This Part 2 explains how to varnish, step by step helping you with correct application and finish.
To read the introduction to why we have to do it, and which varnishes to choose, take a look at All About Varnishing – Part 1.
Pouring & Brushing Varnish On – Step by Step
On a table with a thick tarp over it, I lay the painting down flat and prop it up on some pieces of wood, one under each corner of the painting. The thick chocks for high quality timber stretcher bars are perfect. The reason you need to raise it up is so that you can:
- Have room to paint the varnish along the sides properly (I always continue my painting around the edges of my canvas)
- Have room to get your fingers underneath in case you need to move it
- Have room underneath to run a cloth or paper towel along the underside once the varnishing is finished, so you can wipe up all the excess drips.
- Pour the varnish on, I usually make 4 puddles in each quadrant of the painting. Then drag the varnish gently across the surface with a wide flat hog
- Work quickly but gently, most important of all, try to minimise the brushstrokes so that bubbles are not created all over the surface.
- There should be only three phases of brushstrokes, once, diagonally to spread the varnish across the whole surface. Make sure no spots are missed by bending down and looking across the surface with a bright light above, (or towards a window) to see areas that are matte that have been missed.
- Brush along all the sides.
- Then brush down the painting in single overlapping strokes, then brush across the painting, single strokes again. (If you are working on a very large painting, do all of the steps completely for each section, then don’t go over the previous areas again at the end as they will already be drying)
- If you have a heavily textured painting, try to push any excess varnish out of puddles.
- Wipe the underside of the painting (with a clean section of paper towel for each side) to get rid of any big drops that have run down.
- Leave the painting laying down horizontally, as it is, to dry. Hopefully you have done it in an area that has good airflow, is free of dust, insects, kids and curious cats and their paw prints! It’s good to do this in a room where you can walk away and leave it. The fumes will get to you after a while! They are really not good for you.
- Allow the varnish to dry overnight before re coating, repeat all the steps above.
Do You Hate Cleaning Out the Varnish Brush?
So do I! I hate having to use turps to clean out the solvent based varnish brush every time I use it.
I have worked out a great trick to keep the brush moist and not drying out overnight. Sometimes this keeps the brush wet for days.
Have a roll of aluminium foil stored in your studio. Wrap the brush bristles (still wet with varnish) and down the handle tightly in the foil, pressing out all air pockets. Make sure to double over or triple over the seams. Scrunch it really tight around the handle so no air gets in to the brush bristles. This will keep for days if you have done it right, but definitely overnight until you are ready to do the second coat.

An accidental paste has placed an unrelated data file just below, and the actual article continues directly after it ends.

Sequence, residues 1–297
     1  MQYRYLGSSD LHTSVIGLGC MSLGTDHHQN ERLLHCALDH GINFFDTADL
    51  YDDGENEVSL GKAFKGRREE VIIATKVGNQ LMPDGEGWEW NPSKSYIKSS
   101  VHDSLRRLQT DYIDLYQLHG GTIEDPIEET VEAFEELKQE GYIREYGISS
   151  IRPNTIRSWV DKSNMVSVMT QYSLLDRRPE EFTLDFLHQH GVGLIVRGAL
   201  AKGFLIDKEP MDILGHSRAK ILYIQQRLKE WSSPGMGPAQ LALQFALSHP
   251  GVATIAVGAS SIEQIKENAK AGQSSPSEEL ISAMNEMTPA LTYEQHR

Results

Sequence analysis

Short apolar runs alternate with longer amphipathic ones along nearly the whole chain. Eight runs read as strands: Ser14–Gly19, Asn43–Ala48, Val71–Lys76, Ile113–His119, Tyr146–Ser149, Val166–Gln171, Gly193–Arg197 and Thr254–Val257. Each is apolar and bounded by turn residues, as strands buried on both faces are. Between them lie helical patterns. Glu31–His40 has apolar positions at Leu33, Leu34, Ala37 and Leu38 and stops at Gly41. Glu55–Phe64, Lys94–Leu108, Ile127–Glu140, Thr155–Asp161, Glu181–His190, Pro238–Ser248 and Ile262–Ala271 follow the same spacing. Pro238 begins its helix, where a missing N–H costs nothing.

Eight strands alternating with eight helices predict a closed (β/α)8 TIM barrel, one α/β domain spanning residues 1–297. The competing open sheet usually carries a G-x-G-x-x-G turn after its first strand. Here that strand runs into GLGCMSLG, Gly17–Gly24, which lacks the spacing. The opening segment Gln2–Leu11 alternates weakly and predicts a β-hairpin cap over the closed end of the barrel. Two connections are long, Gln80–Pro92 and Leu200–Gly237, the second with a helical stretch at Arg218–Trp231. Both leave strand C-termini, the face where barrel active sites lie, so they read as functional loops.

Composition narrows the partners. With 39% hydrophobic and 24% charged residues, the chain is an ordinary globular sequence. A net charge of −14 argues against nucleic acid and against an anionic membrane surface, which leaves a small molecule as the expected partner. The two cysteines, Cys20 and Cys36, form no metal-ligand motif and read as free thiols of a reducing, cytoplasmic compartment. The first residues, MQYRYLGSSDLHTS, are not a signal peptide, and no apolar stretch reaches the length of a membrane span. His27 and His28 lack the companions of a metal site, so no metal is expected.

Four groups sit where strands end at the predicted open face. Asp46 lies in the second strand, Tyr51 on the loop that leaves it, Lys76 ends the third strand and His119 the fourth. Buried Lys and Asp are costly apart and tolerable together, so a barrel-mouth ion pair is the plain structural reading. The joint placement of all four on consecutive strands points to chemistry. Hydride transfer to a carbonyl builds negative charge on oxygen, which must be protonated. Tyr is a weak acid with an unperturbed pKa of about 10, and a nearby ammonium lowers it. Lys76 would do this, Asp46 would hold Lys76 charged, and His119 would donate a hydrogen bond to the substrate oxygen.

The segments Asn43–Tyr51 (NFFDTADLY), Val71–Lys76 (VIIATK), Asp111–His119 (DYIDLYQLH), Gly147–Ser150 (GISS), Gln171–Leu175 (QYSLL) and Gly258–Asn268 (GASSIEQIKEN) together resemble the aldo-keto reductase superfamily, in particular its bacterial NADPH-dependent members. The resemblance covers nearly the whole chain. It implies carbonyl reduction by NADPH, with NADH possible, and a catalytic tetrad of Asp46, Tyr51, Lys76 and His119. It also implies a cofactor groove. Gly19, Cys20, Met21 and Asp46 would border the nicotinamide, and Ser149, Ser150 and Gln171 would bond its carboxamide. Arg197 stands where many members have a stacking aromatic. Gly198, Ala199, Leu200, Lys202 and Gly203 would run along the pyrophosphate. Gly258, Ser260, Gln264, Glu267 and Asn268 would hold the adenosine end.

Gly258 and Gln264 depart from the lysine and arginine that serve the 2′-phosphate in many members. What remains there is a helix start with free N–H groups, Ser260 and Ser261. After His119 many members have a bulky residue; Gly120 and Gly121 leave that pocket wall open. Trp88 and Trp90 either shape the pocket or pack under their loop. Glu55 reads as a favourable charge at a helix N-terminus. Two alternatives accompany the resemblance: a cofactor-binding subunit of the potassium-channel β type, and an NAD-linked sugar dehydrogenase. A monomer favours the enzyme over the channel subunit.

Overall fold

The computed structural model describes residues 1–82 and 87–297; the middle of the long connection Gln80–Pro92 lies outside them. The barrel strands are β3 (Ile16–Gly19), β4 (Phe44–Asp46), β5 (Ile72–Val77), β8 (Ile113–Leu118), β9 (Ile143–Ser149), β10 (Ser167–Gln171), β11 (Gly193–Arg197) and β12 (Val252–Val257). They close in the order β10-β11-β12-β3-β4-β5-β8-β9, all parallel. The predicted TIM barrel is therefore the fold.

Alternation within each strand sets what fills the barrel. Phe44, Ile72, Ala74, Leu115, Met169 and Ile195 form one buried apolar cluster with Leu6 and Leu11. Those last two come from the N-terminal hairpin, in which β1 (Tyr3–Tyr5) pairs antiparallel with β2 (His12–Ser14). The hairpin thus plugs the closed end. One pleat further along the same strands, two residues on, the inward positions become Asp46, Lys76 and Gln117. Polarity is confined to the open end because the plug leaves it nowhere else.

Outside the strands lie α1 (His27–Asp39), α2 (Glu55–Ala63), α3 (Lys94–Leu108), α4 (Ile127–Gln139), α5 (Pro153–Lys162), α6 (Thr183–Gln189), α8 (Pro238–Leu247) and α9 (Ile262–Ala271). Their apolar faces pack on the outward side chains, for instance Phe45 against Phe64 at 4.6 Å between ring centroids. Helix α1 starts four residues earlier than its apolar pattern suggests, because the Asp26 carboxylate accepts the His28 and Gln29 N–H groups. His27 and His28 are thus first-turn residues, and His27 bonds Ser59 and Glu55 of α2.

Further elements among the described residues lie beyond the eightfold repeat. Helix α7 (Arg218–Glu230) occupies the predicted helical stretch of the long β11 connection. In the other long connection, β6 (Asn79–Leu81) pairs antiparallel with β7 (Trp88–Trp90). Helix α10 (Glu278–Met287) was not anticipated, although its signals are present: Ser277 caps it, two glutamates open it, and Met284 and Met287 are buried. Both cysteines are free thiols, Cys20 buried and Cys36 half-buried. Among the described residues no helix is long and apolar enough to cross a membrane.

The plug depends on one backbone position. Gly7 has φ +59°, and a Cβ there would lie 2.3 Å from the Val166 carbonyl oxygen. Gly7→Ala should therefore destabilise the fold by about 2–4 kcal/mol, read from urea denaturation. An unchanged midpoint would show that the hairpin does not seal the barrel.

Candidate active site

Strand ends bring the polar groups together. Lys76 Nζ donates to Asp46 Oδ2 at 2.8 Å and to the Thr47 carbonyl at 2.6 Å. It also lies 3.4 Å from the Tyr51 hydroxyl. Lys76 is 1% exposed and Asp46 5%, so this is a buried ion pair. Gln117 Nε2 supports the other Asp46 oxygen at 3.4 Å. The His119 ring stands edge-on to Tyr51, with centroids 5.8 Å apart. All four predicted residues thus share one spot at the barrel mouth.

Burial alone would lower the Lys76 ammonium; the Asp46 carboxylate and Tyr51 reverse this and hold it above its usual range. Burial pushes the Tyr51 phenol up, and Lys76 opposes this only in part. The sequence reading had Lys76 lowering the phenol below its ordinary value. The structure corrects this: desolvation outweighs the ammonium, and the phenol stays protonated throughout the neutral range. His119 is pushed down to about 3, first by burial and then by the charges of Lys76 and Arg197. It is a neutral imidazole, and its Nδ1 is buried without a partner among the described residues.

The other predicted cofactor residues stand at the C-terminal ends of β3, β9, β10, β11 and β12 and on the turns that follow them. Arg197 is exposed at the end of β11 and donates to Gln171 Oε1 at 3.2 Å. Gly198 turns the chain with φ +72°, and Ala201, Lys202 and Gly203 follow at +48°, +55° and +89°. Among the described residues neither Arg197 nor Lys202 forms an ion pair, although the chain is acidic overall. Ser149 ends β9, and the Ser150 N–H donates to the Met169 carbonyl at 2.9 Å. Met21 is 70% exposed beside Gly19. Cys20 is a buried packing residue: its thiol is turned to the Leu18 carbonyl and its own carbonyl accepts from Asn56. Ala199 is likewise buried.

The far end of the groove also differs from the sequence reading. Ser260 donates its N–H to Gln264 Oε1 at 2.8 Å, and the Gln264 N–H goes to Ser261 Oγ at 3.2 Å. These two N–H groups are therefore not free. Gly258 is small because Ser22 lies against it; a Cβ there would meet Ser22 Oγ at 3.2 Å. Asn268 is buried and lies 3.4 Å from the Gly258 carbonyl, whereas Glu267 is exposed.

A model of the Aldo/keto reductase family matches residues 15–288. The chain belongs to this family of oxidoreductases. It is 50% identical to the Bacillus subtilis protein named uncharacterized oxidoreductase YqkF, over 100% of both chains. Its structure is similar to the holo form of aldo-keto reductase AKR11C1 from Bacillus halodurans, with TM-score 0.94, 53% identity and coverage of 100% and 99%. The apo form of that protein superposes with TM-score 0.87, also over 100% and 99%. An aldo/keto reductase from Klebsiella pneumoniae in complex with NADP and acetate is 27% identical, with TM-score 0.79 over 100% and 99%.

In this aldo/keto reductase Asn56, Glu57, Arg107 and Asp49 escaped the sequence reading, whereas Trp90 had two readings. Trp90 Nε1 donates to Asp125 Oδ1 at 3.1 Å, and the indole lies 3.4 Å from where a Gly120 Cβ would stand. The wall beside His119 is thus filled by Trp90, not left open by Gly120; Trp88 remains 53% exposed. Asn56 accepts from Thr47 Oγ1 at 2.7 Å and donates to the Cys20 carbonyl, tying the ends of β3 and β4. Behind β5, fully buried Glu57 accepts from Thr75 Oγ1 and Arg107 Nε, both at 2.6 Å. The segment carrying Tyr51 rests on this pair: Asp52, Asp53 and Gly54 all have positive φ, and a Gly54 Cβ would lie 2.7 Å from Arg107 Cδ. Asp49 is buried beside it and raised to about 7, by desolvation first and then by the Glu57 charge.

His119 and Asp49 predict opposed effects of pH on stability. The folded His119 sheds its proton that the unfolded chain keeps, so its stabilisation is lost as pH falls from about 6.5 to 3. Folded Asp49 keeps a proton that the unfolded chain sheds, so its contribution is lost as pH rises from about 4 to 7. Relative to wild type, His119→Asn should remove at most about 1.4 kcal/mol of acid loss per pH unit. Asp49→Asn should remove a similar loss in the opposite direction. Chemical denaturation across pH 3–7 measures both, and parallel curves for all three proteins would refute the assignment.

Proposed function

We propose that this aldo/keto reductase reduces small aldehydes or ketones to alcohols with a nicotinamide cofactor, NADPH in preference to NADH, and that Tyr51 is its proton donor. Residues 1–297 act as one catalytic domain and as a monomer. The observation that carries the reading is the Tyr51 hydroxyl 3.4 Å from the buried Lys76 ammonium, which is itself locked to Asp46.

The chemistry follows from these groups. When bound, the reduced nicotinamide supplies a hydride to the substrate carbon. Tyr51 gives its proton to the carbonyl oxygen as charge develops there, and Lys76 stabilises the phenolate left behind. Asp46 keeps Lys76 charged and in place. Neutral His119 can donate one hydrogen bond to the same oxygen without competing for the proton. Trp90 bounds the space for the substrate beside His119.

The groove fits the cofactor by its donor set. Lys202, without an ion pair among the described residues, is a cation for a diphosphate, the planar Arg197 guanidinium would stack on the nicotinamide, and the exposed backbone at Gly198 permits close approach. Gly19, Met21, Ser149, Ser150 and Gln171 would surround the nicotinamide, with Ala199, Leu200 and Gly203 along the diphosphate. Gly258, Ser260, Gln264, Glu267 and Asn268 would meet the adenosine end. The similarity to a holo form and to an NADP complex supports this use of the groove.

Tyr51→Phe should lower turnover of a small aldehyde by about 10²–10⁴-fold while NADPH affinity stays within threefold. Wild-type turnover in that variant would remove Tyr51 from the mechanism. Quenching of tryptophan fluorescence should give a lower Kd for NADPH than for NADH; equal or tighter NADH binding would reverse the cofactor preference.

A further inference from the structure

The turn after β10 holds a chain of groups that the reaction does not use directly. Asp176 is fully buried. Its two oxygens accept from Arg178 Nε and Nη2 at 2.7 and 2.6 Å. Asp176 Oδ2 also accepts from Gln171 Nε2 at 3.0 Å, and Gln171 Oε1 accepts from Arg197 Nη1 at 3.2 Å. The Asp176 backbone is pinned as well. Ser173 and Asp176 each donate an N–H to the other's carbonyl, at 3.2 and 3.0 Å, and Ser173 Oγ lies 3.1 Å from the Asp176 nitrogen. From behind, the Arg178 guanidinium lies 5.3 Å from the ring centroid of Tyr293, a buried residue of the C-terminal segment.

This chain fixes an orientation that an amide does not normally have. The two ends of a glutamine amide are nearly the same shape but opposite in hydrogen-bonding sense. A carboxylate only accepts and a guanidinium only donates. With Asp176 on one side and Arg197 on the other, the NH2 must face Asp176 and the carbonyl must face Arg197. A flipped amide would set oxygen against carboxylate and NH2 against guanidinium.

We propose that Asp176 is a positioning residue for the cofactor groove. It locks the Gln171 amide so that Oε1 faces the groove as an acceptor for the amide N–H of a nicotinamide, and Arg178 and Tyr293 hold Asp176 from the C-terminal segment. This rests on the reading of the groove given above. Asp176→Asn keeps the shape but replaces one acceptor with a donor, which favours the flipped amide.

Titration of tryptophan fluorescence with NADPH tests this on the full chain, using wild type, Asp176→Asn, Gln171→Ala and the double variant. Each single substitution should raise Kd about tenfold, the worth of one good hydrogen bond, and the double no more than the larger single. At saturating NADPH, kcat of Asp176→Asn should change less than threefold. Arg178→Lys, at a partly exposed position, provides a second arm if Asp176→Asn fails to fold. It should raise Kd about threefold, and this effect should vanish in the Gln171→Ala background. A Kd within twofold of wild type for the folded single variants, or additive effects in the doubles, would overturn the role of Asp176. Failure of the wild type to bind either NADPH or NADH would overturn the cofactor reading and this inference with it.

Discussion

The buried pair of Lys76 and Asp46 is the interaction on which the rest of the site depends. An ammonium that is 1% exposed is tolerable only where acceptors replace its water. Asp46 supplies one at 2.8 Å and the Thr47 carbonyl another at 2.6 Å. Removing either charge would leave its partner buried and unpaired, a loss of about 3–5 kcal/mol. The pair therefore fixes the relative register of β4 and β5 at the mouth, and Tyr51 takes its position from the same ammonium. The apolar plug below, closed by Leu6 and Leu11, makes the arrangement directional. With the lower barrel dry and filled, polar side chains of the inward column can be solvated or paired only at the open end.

If the weather is really hot then pop it into the fridge overnight for extra insurance.
- An art restorer from QAGOMA (Qld Art Gallery & Gallery of Modern Art) told me that if you heat up the W&N varnish gently (like placing the varnish container in a bowl of warm water beforehand) then it goes on better.
- The same art restorer told me that if you varnish too soon after painting (for both acrylic and oil) then the two surfaces bond together more than they should and the varnish will be really difficult to remove later on.
- While spreading out the varnish, if you find the brush drags heavily then there is not enough varnish poured out: pour on some more!
- Switch off the lights in the room where you leave the varnishing to dry, so that insects are less likely to fly in and commit suicide in the varnish. I am telling you this from experience!
- If you varnish on a hot day or in a hot dry room, it will dry too fast before you can lay on all the brushstrokes you need.
- If you varnish on a cold day or in damp conditions then it will take much longer to dry.
- Do not transport paintings or lean them up against things or wrap them until the varnish has cured completely – this may be a week or even more. New varnish tends to stick to things. Bubble wrap is the worst. It will leave a pattern of circles across your painting. Try to keep everything off the surface until it is fully cured. The best place to put a recently varnished painting (that is dry) is on a picture hook, up on a wall!
Never Ever Paint over the Final Varnish
Make sure that you are not going to touch your painting again because after it has the final coat of finishing varnish, you must not paint over the top of it. You may have problems with the layers delaminating later on (i.e. peeling & lifting – bad news!). Also when the varnish is removed your touch ups will be removed with it!
Retouching varnish is made from chemicals that are compatible with your paints and mediums, so you can paint over that. But make sure you are completely finished before you apply the finishing varnish, because you should never paint over the top of that! Check out the latest post on Acrylic Mediums for more information on how important this is.
What have you created lately that needs varnishing?